Elizabeth I inherited a fleet of only 27 ships in 1558. Instead of building up her own fleet Elizabeth encouraged private enterprise against Spain's new empire. Men like Sir John Hawkins and Sir Francis Drake to command groups of Royal and private ships to attack the Spanish. When Spain threatened invasion with its Armada in 1588 the Navy of England both Royal and private defended the realm.

Early in the Seventeenth Century, larger galleons were built with heavier armaments. the largest English ship was Sovereign of the Seas built for prestige purposes by Charles I in 1637. The first ship with three gun decks to carry her 102 guns, she was the most powerful ship in the world for many years.

When King Charles II came to the throne in 1660 he inherited a huge fleet of 154 ships. This was a permanent professional national force and the beginning of the Royal Navy as we know it today.

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About Builders
 Sun Shipbuilding & Drydock Co., Chester (Pa)
Sun Shipbuilding & Dry Dock Company (Sun Ship) was developed by Sun Oil in 1916 as a tanker builder and was in continuous operation throughout the lean inter-war years. At the beginning of the WWII emergency, its 8 ways were increased to 20 with $28mm from the USMC, and later to 28, making it the single largest shipyard in the country. At its peak it employed more than 40,000 people, organized in four adjacent yards. The most northerly of the four, known as the #4 Yard, was manned almost exclusively by African-American workers. After the war, the South Yard and the #4 Yard were sold for industrial development and Sun continued as a merchant shipbuilder in the Central and North Yards. It was sold to Pennsylvania Shipbuilding (Penn Ship) in 1982, but closed in 1989. The North Yard is now Penn Terminals, a very successful independent cargo terminal: this was the first U.S. port facility to employ Boilermaker labor, a move that was so successful that Local 802 now also works Horizon Terminals, im Philly. The Central Yard site has been sold or leased for multiple uses: the south end is now part of neighboring Kimberly-Clark (formerly Scott Paper), the parking lot to the east of Morton Avenue is now a state penitentiary and the big floating dry-dock is now in Galveston; the remainder of the Central Yard is now Harrah's Chester Casino & Racetrack.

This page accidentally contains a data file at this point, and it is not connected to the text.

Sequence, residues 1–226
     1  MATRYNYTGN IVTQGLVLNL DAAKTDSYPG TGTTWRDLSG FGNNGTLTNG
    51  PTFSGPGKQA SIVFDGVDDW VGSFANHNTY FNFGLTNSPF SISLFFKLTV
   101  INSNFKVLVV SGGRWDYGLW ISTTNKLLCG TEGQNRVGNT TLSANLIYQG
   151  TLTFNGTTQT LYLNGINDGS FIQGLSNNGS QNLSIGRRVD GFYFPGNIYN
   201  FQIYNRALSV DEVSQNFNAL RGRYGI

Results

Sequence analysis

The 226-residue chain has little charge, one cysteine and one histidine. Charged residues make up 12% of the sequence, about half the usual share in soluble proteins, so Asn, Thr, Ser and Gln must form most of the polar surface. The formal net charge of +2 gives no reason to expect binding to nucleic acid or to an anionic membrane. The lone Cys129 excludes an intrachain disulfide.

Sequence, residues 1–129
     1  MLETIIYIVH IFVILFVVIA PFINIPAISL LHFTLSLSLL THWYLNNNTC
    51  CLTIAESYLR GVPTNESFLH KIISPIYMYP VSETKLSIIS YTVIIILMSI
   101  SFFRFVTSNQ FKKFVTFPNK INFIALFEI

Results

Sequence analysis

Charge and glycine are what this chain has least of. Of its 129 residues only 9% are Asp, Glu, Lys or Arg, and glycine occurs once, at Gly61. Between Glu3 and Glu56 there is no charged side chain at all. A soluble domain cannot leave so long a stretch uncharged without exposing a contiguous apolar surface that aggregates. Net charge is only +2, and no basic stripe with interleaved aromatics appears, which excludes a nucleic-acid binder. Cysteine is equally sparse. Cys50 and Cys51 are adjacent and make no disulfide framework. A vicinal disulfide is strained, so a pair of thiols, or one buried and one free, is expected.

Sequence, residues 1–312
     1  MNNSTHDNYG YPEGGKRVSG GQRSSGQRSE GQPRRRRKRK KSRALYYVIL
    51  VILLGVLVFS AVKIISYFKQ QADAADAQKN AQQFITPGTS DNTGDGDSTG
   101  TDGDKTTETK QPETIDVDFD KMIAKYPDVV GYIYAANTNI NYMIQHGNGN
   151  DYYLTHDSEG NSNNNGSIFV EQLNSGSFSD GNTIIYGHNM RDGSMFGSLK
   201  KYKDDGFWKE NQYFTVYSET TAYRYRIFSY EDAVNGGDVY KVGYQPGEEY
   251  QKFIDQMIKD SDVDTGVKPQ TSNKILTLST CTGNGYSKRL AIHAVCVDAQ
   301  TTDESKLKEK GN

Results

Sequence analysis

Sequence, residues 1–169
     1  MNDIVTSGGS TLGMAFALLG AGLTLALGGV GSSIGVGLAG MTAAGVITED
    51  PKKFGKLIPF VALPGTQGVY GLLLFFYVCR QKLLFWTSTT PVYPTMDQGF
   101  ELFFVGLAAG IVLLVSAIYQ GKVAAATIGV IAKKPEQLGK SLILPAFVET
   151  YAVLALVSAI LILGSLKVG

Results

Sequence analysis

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Doxford W. & Sons - William Doxford & Sons Ltd., Sunderland
William Doxford and Sons began in 1840 at Cox Green. William Doxford and Sons Ltd, often referred to simply as Doxford, was established in 1857 by William Doxford. From 1870 they were based in Pallion, Sunderland, on the River Wear in Northeast England. In 1904 the East Yard was built, and the 3 extra berths helped Doxford’s to win the blue riband in 1904 and 1907 for the highest production rate in the world.
The East Yard was rebuilt as a state of the art covered shipyard, which opened in 1976. Doxford’s joined Thompson’s, Laings and Greenwell’s in 1961 to form the Doxford and Sunderland Shipbuilding and Engineering Group. The Group was taken over in 1973 and re-named Sunderland Shipbuilders Ltd. It merged with Austin and Pickersgill’s in 1986, and closed in 1988.

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HMS Dasher [+1943]